iOS vs Android

As Google and Apple continue to grow in the mobile market, Android and iOS are quickly becoming the predominant operating systems for phones and tablets. There are many statistics to look at and comparisons to be made. Here, we present a visualization tackling the debate.

Thanks to our friends at Hunch, we now know that Android users are 10% more likely to be men. We know that iOS users are 50% more likely to have been on the internet before 1992. We know who is more likely to prefer General Tso’s Chicken over Pad Thai. It may not be the most important demographic data, but it’s definitely interesting.

Voice Commands

Voice Control isn't new to smart phones, but Apple's Siri implementation takes the feature to a new level. You can use the "intelligent personal assistant" to look up information, calculate tips, launch a handful of compatible apps, and other useful activities simple by speaking a question or command; it will even ask you follow up questions in order to correctly cull information. It's not perfect—it sometimes doesn't recognize words or phrases—but it's pushing voice control in a way that its competitors can't match.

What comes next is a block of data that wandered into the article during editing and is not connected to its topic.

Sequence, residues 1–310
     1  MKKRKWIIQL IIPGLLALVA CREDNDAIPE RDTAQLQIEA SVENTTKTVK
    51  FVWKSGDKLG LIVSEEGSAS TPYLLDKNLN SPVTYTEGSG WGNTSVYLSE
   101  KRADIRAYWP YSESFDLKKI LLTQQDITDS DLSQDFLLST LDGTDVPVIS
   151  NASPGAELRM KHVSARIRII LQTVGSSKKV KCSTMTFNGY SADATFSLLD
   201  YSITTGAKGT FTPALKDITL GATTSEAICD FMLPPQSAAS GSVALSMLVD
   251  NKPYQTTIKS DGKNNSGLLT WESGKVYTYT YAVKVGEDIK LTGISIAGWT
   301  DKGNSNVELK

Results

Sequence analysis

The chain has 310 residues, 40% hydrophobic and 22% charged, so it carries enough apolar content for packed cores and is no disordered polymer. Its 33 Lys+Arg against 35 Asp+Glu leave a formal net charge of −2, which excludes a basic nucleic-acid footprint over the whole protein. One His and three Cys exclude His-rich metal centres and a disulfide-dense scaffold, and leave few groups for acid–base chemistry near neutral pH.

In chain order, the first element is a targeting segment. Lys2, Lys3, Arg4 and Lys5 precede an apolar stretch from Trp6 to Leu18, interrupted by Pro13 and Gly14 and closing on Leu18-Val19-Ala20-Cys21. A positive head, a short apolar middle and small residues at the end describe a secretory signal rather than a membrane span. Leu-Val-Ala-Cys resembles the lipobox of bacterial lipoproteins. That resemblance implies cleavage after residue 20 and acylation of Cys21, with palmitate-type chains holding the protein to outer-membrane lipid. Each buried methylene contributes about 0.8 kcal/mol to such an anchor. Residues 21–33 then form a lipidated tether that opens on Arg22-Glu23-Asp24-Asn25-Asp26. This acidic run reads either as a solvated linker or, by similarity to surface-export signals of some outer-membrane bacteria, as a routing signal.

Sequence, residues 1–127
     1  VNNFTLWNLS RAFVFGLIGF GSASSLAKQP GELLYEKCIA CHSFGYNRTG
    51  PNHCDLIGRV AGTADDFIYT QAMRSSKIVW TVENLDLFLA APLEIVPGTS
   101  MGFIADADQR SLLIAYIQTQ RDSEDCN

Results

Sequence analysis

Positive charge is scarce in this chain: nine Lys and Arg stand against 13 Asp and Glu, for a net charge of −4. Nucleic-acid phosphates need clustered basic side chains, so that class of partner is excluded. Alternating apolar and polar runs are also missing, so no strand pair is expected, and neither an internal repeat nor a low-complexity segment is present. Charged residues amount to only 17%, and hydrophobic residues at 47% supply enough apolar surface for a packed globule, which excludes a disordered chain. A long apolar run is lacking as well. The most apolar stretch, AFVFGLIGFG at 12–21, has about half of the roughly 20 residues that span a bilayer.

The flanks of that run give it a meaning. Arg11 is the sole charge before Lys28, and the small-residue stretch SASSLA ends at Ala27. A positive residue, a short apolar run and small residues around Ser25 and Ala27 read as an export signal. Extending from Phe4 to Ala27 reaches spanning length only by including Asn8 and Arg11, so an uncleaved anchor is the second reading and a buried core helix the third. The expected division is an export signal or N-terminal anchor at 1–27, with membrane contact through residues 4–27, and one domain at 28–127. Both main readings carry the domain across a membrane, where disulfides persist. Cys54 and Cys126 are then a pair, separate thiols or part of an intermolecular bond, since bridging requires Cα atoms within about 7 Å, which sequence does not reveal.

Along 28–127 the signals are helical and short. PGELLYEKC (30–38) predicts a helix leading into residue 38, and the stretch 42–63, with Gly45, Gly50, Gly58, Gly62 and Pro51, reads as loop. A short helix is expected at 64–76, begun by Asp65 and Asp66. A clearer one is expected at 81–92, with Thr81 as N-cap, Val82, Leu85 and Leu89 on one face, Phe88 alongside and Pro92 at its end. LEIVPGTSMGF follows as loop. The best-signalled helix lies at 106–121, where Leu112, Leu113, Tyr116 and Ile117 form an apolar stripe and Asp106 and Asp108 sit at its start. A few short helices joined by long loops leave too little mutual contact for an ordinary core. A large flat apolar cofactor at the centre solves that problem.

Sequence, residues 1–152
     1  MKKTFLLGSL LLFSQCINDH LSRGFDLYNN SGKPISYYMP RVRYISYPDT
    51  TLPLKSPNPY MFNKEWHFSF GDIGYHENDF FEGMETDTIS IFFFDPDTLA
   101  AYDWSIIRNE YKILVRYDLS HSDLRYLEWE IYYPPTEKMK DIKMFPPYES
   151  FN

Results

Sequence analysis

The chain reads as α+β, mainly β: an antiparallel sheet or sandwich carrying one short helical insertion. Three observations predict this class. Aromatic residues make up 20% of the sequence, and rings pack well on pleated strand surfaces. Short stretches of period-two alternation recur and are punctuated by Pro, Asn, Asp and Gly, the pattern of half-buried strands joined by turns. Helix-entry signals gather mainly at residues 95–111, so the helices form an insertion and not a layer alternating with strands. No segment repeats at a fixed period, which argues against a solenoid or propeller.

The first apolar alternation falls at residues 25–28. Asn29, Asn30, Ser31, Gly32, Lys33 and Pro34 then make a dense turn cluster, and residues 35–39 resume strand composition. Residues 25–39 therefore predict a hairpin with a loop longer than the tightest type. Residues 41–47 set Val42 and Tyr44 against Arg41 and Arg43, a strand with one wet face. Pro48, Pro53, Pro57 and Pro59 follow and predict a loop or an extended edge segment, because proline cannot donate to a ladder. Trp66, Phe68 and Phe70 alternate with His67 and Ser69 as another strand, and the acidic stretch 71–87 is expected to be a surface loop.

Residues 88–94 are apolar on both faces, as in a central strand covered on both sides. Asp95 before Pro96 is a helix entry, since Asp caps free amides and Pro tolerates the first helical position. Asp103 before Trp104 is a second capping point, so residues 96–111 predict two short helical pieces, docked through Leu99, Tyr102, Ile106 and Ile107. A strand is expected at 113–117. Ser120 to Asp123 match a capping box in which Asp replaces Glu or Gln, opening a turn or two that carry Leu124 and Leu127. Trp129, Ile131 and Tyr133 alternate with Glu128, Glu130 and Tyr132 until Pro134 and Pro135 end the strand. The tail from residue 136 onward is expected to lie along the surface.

The Best Smartphone OS?

Let's be frank: This article is measures everyone else by iOS 5's standards—after all, we're comparing its features (many of them unique) to what other operating systems have to offer. That doesn't mean that iOS is the right mobile OS for everyone. Android 2.3 Gingerbread is tweaker-friendly; BlackBerry 7 OS has a strong enterprise focus with its data security and built-in Microsoft Office editors; and Windows Phone 7.5 Mango is great for social networkers with its smart, intuitive Groups feature. Still, Apple iOS 5 does push the envelope, features-wise, and is one that continues to innovate in the mobile operating system space. But the release of Android Ice Cream Sandwich could be only days away; once we've had a good look at it, we'll update this article from the point of view of Google's smartphone OS, and that might be a different story.